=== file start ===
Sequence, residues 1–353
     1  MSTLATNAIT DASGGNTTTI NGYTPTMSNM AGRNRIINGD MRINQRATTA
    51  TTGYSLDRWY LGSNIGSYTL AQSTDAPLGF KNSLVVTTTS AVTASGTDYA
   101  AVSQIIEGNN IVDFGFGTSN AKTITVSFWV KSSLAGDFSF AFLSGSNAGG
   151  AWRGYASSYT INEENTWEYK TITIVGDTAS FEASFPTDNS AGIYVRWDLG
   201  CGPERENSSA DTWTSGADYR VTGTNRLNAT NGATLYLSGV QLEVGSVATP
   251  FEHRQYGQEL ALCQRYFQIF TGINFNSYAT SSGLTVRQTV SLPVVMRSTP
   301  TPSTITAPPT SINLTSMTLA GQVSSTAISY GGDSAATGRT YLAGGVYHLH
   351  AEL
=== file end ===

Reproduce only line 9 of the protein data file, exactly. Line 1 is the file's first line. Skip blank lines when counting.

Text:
   351  AEL